9th April 2020

The Financial Conduct Authority (FCA) has pushed back one of the implementation dates of its rules relating to its work on signposting consumers with pre-existing medical conditions (PEMCs) to travel insurance in order to allow firms to focus on responding to the Coronavirus (Covid-19) pandemic.

Under the new rules firms are required to signpost certain consumers with PEMCs to a directory of travel insurance providers which are willing and able to cover consumers with more serious PEMCs. The rules requiring firms to include details of a medical cover firm directory on its website 30 days after it becomes aware of an operational directory and is still scheduled to commence on 1st June 2020.

The implementation for actually starting to signpost, which was due to be in November 2020, has been put off to a date yet to be confirmed.

The Money and Pensions Service is currently developing a directory; however, it is not clear when this will be operational. The FCA said it will update stakeholders on this in due course.

Addendum to PS20/03

The FCA has also issued an addendum to its Policy Statement PS20/03 – Signposting to travel insurance for consumers with medical conditions  which it first published in February 2020. The regulator subsequently discovered that 20 responses had erroneously not been included in PS20/03. Those responses have now been reviewed and analysed. The FCA Board, having regard to the additional 20 responses, confirmed and re-made the Insurance: Conduct of Business Sourcebook (Access to Travel Insurance) Instrument 2020 (FCA 2020/03). Members can access the addendum by clicking here.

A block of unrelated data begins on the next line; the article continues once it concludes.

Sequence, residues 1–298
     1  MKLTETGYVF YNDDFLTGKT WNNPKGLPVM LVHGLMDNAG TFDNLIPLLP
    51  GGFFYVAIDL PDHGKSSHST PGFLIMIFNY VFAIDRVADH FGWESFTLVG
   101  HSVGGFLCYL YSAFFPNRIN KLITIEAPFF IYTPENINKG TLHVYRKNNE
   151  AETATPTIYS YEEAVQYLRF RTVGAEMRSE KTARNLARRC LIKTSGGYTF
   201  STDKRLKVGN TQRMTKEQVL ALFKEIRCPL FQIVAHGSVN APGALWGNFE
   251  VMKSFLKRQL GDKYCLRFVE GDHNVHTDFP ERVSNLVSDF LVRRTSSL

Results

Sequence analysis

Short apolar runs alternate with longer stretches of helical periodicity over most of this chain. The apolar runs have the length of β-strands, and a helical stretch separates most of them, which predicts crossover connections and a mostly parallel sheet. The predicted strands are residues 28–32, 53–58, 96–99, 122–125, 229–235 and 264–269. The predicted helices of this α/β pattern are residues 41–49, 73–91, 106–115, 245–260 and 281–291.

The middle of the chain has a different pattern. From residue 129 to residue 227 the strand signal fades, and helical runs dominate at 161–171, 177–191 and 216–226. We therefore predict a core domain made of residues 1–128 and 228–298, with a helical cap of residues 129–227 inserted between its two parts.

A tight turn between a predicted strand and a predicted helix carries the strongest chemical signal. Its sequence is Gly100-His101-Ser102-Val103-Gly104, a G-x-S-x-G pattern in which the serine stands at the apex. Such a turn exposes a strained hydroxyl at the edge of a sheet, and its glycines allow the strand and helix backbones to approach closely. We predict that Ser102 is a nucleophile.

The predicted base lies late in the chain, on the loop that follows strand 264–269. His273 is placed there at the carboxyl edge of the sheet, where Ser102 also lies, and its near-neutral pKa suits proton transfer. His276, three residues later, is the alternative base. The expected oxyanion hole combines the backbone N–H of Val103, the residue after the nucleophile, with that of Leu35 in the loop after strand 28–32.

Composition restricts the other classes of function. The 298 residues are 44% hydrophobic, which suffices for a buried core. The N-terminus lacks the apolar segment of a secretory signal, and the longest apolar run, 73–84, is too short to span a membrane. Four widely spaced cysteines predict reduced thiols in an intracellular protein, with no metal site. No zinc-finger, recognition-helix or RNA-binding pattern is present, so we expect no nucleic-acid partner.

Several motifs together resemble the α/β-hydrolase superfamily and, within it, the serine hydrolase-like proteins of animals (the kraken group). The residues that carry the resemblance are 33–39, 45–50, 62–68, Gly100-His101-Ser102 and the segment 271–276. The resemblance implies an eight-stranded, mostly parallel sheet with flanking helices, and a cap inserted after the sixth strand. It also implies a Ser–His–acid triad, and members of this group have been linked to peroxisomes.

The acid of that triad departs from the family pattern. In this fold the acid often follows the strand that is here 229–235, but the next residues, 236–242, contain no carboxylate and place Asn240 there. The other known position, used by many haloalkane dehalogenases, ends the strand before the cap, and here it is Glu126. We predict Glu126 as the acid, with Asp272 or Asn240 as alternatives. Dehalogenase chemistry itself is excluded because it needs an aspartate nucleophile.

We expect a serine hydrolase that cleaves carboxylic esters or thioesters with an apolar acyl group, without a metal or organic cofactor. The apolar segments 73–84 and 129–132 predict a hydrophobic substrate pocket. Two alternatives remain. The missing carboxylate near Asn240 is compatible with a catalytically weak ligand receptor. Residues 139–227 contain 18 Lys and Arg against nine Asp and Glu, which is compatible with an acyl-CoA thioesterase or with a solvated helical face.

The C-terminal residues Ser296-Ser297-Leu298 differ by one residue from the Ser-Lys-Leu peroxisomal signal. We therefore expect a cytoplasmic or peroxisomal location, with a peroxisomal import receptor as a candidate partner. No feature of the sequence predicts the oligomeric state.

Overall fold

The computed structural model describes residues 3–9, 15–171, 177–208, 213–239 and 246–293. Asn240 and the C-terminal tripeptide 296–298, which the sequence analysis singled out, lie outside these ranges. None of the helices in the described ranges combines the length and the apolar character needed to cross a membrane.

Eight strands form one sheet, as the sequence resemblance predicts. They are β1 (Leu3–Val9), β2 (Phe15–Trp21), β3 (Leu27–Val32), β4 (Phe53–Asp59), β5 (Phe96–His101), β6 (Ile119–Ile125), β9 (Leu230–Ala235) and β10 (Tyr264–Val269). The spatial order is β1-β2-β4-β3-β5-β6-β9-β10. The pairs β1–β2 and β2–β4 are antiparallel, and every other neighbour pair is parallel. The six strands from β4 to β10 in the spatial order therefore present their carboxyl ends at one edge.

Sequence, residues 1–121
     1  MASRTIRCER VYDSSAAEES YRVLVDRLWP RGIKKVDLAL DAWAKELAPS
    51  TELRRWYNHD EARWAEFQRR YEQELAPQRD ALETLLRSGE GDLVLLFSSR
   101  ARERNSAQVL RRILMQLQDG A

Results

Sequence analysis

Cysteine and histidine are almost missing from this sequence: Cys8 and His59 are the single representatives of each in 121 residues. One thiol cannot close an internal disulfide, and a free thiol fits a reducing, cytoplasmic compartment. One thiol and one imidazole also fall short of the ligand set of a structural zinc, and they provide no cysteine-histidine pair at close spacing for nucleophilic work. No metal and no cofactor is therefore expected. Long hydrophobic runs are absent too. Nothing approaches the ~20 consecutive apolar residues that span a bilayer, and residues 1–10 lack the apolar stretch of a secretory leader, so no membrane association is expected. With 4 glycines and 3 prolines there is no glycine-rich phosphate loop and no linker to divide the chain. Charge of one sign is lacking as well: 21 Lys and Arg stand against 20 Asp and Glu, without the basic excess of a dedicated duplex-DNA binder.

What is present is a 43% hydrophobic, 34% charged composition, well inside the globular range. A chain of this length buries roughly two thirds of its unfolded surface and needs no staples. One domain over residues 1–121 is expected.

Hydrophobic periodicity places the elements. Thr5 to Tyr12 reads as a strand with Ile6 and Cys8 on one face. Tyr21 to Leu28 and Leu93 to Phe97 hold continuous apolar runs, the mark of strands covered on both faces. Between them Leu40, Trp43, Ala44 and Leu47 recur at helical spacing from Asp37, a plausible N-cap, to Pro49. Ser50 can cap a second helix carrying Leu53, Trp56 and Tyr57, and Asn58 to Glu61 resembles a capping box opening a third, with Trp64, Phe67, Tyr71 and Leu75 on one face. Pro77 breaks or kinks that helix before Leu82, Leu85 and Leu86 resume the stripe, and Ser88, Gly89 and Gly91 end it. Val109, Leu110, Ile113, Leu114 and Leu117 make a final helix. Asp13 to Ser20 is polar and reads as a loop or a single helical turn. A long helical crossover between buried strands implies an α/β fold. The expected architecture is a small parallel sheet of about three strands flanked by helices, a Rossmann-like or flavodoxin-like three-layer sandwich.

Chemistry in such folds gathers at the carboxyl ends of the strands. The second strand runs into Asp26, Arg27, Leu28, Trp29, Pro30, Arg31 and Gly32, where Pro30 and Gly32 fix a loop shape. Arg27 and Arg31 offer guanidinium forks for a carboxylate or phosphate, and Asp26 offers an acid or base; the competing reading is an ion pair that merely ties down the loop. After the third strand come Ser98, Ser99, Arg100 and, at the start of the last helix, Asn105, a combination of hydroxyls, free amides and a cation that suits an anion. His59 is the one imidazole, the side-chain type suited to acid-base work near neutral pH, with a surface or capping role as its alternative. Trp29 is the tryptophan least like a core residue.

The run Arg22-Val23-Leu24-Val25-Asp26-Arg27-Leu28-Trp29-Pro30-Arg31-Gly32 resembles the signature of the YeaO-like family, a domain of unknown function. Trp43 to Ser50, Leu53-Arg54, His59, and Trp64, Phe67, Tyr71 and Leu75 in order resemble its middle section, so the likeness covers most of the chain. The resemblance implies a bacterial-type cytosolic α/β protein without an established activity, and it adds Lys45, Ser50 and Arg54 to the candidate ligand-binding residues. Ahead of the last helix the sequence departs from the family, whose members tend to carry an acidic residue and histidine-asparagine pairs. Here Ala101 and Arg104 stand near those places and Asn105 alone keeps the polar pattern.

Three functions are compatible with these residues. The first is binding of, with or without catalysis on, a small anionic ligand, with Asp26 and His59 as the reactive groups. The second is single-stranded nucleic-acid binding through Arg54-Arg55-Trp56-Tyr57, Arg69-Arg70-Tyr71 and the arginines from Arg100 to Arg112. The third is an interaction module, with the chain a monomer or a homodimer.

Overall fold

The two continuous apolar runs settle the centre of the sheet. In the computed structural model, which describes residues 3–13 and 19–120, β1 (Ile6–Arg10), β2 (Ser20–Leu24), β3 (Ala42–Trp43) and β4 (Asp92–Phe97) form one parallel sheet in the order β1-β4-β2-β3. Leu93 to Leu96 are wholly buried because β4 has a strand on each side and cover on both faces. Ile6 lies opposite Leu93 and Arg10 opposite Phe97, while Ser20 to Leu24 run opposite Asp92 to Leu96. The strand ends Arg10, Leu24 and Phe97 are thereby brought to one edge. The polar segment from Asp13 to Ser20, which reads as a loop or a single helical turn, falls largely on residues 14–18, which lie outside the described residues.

In the light of the additional feedback, the FCA Board made two changes to the definitions in the rules to give more clarity about the regulator’s expectations. The amendments are:

  1. The rules require firms to signpost where there is a medical condition exclusion that cannot be removed from the policy. The FCA has amended the definition of ‘medical condition exclusion’ to clarify that the requirement applies, unless the firm is satisfied, on reasonable grounds, that the medical condition exclusion is not relevant to any person covered under the policy.
  2. The FCA requires firms to signpost where the medical loading is £100 or more.  The FCA has amended the definition of ‘medical condition premium’ to clarify that this £100 threshold applies to each person covered under the policy.

Stakeholders also asked whether Insurance Premium Tax (IPT) is included in the £100 medical condition premium. The medical condition premium is part of the premium that relates to the risk associated with any medical conditions, and so under these requirements, IPT is not included in the £100 threshold for medical condition premium.

BIBA members’ compliance and regulation queries should be directed to: [email protected]

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